Dumaguete councilors question billing statement of food supplier for frontliners
DUMAGUETE CITY — Several councilors here have questioned the billing statement of a food supplier that was awarded a P10 million contract to supply breakfast, lunch, and dinner to personnel manning COVID-19 checkpoints and other volunteers.
The councilors doubted the authenticity of the billing statement of Aladdin Restaurant & Cafe because it was handwritten on ordinary paper, prompting an investigation by the council’s committee on rules, ordinances & legal matters and good governance.
During the committee hearing, restaurant owner Patrick George said he agreed to supply meals for the frontliners after Councilor Edgar Lentorio, a meat supplier and lawyer, promised that he would be paid within 15 to 30 days.
George then rented Lentorio’s space behind his law office and set up the kitchen. George said Lentorio also supplied some meat products for Aladdin Restaurant, and the councilor also bought the food boxes to be used by the restaurant.
During the investigation, George denied that Lentorio was subcontracting his business, and said he had not given any money to any public official.
George demanded payment, saying that the other food supplier, Boy Kanin, had already received payment. It was owned by Raymund Mercado, which had a “contract” for about P7 million for food.
George and co-owner Dr. Rosana Remollo Habaña have sent a demand letter to enforce their right to collect payment from the city.
Officials of the City Social Welfare & Development Office have vouched for the receipt of the food packs, but the billing statement of Aladdin raised eyebrows at the City Council after they were shown supporting documents with handwritten delivery receipts on ordinary pieces of paper.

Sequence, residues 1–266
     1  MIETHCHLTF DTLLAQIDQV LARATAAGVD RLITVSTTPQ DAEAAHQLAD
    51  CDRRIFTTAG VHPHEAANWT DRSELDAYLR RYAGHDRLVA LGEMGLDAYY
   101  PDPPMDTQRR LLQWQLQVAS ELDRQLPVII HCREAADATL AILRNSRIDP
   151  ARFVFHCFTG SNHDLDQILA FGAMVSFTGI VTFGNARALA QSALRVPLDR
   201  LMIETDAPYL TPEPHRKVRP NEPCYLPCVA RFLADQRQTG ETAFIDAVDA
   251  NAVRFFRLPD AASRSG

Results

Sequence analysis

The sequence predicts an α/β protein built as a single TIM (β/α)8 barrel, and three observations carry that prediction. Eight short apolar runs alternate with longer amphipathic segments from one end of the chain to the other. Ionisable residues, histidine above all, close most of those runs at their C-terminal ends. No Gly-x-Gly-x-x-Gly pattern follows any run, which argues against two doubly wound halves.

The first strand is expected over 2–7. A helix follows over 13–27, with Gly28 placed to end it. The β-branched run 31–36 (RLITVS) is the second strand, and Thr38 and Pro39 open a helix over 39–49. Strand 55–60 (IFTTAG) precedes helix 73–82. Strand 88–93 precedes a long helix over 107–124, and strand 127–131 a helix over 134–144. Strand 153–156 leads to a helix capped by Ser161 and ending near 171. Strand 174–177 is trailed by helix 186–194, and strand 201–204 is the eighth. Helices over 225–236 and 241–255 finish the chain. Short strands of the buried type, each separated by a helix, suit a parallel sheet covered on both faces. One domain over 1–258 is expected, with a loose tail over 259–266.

“A transaction worth P10 million, and not one official delivery receipt. Isn’t this questionable?” Councilor Joe Kenneth Arbas said.
It was later learned that Aladdin does not have a Mayor’s Permit.
City Legal Officer Manuel Arbon, who chairs the Bids and Awards Committee, said this purchase was considered an emergency purchase because of the COVID-19 pandemic, and as such, the transaction was initiated by the City Mayor’s Office.
“In a normal bidding, there are many requirements. In emergency procurement, this is streamlined, given the situation as nobody was able to prepare for this. There may have been processes that were not followed but the bottom line is that as far as the city is concerned, the questions are: Did the City need food? Yes. Was the food delivered? Yes,” he said.
While the rules of the Government Procurement Policy Board do not prohibit the City from awarding a contract to a second cousin of the Head of the Procuring Entity, it states that only businesses with pending renewals for Mayor’s Permits may be considered.
In the case of Aladdin, it was explained during the session that they had already applied for a Mayor’s Permit but that it was not immediately processed by some City Hall offices due to the pandemic.
“It may not be the fault of Aladdin that it does not have a business permit, or why he was given a P10 million contract, of all legitimate businesses in Dumaguete, but it is also a fault on our part because we know the law,” said Arbas.
The City Councilors also questioned the inspector of the Internal Audit Office, Faronito Ablong, on why he signed the inspection report when he admitted that he never saw any of the alleged deliveries.
Ablong said he didn’t know about the food for the frontliner but was only told by the Human Resource Office about some papers that needed to be signed.
“But I did not inspect the delivery of food to the frontliners. It was an emergency, and we also needed to have the documents signed so that the caterer could be paid,” he said.
Councilor Agustin “Tincho” Perdices noted that the inspection report was made on the same day the Purchase Order was also made.
Perdices also questioned the BAC’s lack of specifications in making the purchase order.
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